Sometimes you need to take a break from the grind of the 24-hour bad news cycle and never-ending doomscrolling, and put everything bad out of your mind for a few minutes and dance. Or, if you aren’t able to physically get up and shake what the lord gave you, at least stop and listen to some dance music. And nobody makes dance music quite like Andy Bell and Vince Clarke who have been cranking out undeniable jams for 35 years.
Walk through the city singin’ hallelujah
Wish for a lover’s touch
Wore out the mirror, but it can see right through me
I gotta get the look
I’ll admit I haven’t followed their career too closely after their first twenty hits, but I did get the chance to see them live a couple years ago, and it was one of the most fun shows I’ve ever been to. So great. The next time they tour I may drop everything and follow them around like the Grateful Dead.
And now they’re back with a new album just when we need it most.
Reminds me of weird, early Beck. Remember when he used to sing about washing dishes and blowing leaves and stuff? Good times. Now we’ve got Liars singing about his “minimum wage routine” and sampling a bit of “My Sharona.” What year is this? Is Carl Stephenson involved?
I like the taste of cola on ice
In the employee lounge
Kick back in comfort, fearless
Regardless, this song is pretty cool. Especially if you like Mellow Gold-era b-sides and deep cuts.
Liars are playing Riot Fest at 2:15 PM on Friday, September 15.
How do you grade a perfect album? More to the point, how do you review an album so remarkable that its perfection will ultimately turn most listeners off?
And here is something else that will blow your mind: Most of the people who end up disliking Last Of The Country Gentlemen after they’ve heard it still won’t be able to pan it very much, because that would be like piling more agony on a guy that sounds like he’s just had the worst day of his entire life.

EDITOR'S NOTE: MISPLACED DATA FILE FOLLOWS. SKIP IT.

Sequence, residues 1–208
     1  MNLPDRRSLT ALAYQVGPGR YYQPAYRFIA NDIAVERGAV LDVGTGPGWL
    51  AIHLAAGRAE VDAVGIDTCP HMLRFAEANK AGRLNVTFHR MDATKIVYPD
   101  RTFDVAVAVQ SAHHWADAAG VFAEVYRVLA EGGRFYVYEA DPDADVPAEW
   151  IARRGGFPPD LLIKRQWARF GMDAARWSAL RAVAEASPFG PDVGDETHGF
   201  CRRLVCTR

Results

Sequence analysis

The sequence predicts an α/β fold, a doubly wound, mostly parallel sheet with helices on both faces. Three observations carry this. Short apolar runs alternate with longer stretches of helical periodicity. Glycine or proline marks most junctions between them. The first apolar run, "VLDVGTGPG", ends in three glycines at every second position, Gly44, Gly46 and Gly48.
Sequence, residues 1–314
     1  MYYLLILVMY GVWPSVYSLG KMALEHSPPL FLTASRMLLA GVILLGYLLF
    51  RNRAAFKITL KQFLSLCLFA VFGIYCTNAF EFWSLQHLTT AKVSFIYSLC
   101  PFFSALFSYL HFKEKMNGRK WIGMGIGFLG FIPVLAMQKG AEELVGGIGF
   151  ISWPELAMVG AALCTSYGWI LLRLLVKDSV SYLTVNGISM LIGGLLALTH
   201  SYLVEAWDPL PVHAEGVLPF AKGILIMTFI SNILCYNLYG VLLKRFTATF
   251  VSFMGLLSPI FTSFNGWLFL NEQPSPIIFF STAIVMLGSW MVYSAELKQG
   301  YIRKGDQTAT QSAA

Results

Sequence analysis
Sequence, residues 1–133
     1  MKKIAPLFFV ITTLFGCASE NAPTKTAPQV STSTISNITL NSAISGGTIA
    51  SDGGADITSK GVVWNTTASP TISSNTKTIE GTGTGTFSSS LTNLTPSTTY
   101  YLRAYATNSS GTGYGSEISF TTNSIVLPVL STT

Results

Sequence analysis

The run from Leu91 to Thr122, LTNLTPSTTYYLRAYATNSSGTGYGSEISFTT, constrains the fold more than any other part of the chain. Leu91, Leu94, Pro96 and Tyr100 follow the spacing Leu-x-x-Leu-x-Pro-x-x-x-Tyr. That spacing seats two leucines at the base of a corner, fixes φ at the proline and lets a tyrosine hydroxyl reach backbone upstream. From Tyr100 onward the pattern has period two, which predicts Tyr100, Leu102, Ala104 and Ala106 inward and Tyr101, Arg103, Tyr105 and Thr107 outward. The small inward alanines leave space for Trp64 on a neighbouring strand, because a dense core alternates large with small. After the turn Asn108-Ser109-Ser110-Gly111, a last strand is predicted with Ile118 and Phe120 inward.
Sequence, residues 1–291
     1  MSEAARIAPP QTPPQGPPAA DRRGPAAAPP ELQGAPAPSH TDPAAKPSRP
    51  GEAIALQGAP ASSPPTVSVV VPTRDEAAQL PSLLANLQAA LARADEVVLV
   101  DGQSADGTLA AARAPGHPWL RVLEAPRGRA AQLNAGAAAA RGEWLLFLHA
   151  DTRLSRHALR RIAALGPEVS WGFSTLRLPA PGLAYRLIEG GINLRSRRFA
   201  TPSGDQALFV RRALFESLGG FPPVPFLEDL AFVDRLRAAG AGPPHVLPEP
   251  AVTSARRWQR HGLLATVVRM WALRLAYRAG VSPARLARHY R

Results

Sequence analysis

I have to confess, unless it’s a movie soundtrack with a hefty blend of songs that fit nicely in the mix of the film, I rarely pay much attention to the music featured in movies. If it’s a movie score, forget about it. I appreciate how a score can bring emotional stock to a film and understand that modern day scoring is the closest thing that we may have in terms of classical composition, but it’s not anything that I feel the need to examine further.
There are a few exceptions to this, but I’d be hard pressed to name a soundtrack that spoke to me on any real meaningful level.
A good way to determine if you’d enjoy Richard Hawley‘s Truelove’s Gutter, the former Pulp guitarist’s fifth solo release, is to recall the “candy colored clown” scene from Blue Velvet. In it, Frank Booth visits his crime partner, the suave dandy and heavily made-up Ben. After getting down to business, Frank insists that Ben lip-synchs Roy Orbison‘s “In Dreams” in a form of celebration. The emotional swell of the performance causes Frank to feel vulnerable, to which he immediately stops the music and demands “Let’s hit the fucking road!”
If you feel moved by the haunting atmosphere of Roy Orbison’s “In Dreams” and take comfort in reflective crooning that owes an obvious debt to mid-twentieth century pop songs, then you will be drawn to Truelove’s Gutter.
The problem is when Moby begins paraphrasing David Lynch‘s speech about how creativity is too often judged by its commercial results, you begin to remind yourself of his own brushes with commercial outlets. This is, after all, an artist whose creative apex (Play) was pawned, track by track, to commercial interests.
It also seems like he’s saving face, an attempt to prepare us for another album with diminishing sales returns, just as every album he’s released since Play has done. This way, when the album fails to sell 100,000 copies, he can come right back and say “Well, I knew that would happen. Wait For Me is my intensely personal creative statement. A piece of work that wasn’t designed for mainstream appeal.”